Ben-Hur’ fails to justify remaking a classic film

Even Morgan Freeman is surprised this remake happened.

Two stars

Ben-Hur Jack Huston, Toby Kebbell, Nazanin Boniadi. Directed by Timur Bekmambetov. Rated PG-13. Opens Friday citywide.

The chariot race in 1959’s Ben-Hur is justifiably one of the most famous stunts in the history of cinema, still astounding to watch nearly six decades after it was first created. Although William Wyler’s Oscar-winning film was neither the first nor the last adaptation of Lew Wallace’s 1880 novel Ben-Hur: A Tale of the Christ, it’s by far the most well-known, often placed on lists of the best films of all time. So taking on Ben-Hur again is an enormous challenge, one that director Timur Bekmambetov (Wanted, Abraham Lincoln: Vampire Hunter) isn’t able to meet. He tips his hand by teasing the iconic race at the beginning of the movie, before flashing back to the early bond between Jewish nobleman Judah Ben-Hur (Boardwalk Empire’s Jack Huston) and his adopted Roman brother Messala (Toby Kebbell) in Jerusalem in the first century A.D.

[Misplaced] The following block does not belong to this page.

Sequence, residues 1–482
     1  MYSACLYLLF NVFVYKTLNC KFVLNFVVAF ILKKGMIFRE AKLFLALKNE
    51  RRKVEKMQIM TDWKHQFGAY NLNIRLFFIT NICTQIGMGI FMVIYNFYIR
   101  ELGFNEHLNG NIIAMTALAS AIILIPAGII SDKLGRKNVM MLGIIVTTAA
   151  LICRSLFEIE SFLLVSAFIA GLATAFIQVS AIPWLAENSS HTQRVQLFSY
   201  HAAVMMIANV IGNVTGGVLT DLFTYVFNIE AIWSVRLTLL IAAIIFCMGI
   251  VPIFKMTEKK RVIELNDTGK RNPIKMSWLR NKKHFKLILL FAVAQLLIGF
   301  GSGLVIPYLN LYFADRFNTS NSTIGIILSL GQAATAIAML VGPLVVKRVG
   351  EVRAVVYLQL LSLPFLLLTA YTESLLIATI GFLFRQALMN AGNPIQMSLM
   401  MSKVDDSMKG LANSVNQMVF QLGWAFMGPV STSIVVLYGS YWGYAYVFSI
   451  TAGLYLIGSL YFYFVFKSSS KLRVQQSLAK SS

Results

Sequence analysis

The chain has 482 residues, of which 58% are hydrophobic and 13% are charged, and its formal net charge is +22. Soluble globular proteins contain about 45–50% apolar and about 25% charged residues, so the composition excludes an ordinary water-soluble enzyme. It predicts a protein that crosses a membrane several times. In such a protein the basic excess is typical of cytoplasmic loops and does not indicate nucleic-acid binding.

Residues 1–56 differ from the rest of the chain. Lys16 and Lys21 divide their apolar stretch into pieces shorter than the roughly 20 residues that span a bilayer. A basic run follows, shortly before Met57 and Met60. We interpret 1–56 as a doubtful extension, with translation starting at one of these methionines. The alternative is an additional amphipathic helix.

Bekmambetov and screenwriters John Ridley and Keith R. Clarke amp up the violence and focus on the revenge story, as Messala betrays Judah and sends him off to a life as a Roman galley slave. Huston is dull as Judah, and the expensive production doesn’t have the grandeur and magnificence of Wyler’s film. Both its running time (about two hours, compared to the 1959 film’s nearly four) and its overt religious message have been cut way back, leaving a truncated, plodding drama with minimal excitement and nothing worthwhile to say.

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